by Jan Hollenbach
It’s sad that, yet again, the issue of incidents, accidents and fatalities in the industry have come to the fore. Many of the responses to these dilemmas have been along the lines of “we must maintain or increase our safety standards at the operation beyond what the OSH act requires”. Should we rather not upskill or empower our employees who’re involved in our operations? Having considered some of the safety training materials in many organisations – as the HR manager you should be considering this when you select safety courses for your staff – it’s made me ponder on what kind of PPE* will save a limb or a part of the body if an accident occurs.
A safety glove will protect your employees’ fingers and hands but an accident can result in them losing the hand wearing a glove or their feet wearing safety boots. They shouldn’t just wear protective clothing to be safe – their behaviour needs to be safe too!
The brain is the most important part of the body in any and all safety-related matters. It’s the brain that determines an individual’s mindset: if an employee doesn’t have the correct mindset towards safety, none of the PPE will protect him – and in fact that worker is a serious threat to all his fellow employees.
Safety policies, procedures and signage are as effective as the mindset of the individual that gets exposed to these. Would it be unfair to compare it with a 60 km/h or 120 km/h sign next to the road?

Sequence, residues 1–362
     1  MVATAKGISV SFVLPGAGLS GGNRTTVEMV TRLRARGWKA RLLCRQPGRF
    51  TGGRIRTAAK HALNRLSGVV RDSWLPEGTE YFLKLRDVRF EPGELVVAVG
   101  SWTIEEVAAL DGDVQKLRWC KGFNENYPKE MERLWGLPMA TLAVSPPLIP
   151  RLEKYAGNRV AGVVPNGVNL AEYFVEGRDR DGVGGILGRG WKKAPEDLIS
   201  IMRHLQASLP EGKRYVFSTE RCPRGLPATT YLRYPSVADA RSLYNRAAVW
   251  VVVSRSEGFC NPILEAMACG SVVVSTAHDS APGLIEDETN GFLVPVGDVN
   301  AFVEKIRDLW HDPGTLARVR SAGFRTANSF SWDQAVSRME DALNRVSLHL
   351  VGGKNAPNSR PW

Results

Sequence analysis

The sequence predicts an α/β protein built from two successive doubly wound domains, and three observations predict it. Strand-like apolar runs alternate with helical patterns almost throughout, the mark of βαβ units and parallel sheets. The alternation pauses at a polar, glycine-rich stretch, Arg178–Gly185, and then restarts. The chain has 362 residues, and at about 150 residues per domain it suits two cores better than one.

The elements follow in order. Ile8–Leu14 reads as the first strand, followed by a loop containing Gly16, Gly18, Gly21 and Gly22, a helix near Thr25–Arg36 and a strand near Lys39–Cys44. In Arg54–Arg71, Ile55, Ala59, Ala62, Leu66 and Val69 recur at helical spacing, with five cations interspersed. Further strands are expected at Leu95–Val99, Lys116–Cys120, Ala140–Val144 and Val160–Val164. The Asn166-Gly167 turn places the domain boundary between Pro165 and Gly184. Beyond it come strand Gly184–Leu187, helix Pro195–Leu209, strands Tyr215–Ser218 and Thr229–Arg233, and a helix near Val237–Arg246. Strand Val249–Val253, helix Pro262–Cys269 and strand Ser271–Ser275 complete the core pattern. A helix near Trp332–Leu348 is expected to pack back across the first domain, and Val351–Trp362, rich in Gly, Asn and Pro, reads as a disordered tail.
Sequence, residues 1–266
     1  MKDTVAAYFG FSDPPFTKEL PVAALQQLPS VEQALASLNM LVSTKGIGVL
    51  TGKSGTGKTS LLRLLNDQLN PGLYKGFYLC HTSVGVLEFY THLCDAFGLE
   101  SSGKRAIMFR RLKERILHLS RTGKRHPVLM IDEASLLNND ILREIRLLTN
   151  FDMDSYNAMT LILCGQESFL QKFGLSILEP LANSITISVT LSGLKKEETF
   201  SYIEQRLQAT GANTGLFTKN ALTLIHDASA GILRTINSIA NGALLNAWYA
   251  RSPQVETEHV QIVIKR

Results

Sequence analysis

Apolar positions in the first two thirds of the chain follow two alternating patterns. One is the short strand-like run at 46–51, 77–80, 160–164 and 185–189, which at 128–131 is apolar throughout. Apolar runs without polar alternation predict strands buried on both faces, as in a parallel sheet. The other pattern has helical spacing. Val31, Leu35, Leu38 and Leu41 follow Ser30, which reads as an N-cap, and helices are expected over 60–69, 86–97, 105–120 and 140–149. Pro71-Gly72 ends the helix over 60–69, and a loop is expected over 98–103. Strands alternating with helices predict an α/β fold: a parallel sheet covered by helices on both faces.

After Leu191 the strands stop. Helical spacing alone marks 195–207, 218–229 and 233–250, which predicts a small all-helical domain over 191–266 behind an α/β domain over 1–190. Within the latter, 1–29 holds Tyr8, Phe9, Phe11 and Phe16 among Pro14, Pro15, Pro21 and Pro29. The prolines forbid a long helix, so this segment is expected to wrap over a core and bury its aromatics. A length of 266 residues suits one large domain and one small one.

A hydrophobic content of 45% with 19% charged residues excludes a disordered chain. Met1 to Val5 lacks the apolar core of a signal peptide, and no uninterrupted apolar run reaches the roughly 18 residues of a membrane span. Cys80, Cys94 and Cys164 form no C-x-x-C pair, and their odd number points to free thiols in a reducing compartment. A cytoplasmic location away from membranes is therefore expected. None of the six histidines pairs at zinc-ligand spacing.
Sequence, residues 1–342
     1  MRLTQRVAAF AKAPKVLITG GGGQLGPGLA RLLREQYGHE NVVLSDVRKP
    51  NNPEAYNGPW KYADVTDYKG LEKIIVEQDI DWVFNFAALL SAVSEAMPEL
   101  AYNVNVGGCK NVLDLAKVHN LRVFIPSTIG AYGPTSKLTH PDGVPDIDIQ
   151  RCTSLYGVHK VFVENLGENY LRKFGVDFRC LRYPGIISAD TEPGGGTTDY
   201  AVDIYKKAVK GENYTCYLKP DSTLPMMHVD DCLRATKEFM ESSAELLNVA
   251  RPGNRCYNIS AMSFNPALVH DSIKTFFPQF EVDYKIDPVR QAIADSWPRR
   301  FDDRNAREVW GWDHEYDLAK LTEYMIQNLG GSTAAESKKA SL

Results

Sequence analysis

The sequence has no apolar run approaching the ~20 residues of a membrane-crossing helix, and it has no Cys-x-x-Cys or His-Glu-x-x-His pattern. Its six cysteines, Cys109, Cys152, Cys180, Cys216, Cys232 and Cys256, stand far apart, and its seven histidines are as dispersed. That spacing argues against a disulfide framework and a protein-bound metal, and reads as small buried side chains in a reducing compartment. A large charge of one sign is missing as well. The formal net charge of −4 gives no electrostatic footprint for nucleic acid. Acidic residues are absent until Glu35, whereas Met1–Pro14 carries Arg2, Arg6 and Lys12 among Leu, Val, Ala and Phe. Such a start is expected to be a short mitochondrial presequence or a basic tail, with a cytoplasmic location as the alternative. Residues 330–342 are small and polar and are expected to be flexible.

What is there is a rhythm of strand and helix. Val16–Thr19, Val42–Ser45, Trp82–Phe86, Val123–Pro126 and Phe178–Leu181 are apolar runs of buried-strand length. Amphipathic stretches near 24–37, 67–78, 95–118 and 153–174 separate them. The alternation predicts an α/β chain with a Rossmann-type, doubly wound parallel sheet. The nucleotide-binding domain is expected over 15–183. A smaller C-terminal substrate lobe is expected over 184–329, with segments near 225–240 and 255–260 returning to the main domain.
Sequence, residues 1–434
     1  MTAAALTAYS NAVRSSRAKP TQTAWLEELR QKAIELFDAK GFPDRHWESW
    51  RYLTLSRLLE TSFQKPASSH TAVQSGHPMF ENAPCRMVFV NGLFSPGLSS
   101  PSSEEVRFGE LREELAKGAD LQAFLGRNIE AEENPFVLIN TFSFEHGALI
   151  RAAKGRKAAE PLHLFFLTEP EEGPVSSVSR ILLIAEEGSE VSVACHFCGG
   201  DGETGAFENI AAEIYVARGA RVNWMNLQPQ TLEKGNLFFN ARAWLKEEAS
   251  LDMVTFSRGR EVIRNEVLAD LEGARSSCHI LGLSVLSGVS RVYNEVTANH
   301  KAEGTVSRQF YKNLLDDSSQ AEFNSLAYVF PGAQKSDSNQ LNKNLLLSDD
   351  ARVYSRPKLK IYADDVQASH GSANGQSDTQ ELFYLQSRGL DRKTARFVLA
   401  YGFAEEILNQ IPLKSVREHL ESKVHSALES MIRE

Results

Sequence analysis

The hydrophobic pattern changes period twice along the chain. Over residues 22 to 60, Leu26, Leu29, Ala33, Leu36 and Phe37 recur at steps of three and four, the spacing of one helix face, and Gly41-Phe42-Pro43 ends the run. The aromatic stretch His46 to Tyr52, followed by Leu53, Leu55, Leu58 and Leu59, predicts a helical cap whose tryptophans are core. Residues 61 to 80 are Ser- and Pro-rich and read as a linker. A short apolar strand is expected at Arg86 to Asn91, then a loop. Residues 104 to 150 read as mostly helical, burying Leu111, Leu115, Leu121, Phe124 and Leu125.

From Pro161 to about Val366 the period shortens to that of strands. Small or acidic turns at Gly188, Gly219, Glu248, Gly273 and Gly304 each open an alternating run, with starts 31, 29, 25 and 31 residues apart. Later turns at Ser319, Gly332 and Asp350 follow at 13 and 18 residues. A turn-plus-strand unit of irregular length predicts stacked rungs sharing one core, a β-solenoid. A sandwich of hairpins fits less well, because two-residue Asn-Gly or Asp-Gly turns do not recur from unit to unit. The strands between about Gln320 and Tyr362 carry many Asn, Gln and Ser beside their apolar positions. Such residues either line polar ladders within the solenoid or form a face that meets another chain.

Incidents and accidents occur because people are complacent about health and safety
It’s impossible to do safety training as many times as is needed for employees not to become complacent. Reminders and signage can help to this end but the real difference will only be achieved if an individual has a safety-oriented mindset.
In the mining industry, miners need to know that the most important product that needs to come to the surface at the end of the shift is them and the other miners.
Maybe one of the solutions for a changed mindset lies in a series of conversations about values, contribution, engagement, respect and, yes, safety as well.
The nature of the relationship that the employee has with the organisation and, importantly, with his or her supervisor is of primary importance in becoming complacent. We all know that for any relationship to survive and last, a lot of effort is required. Many couples will agree – the more effort the better the relationship. Some considerations for a relationship with a positive mindset include regular – or even daily – communication, caring, trust and engagement.
The way you handle your relationships will determine the response you receive from those you have a relationship with. When last did you have a conversation? Do you know how to have REAL conversations?
Let’s get safety back where it belongs (and stop doing only what the OSH act says you must do): in the minds and behaviours of people.
* – PPE refers to ‘personal protective equipment’.
This article first appeared on HR Pulse.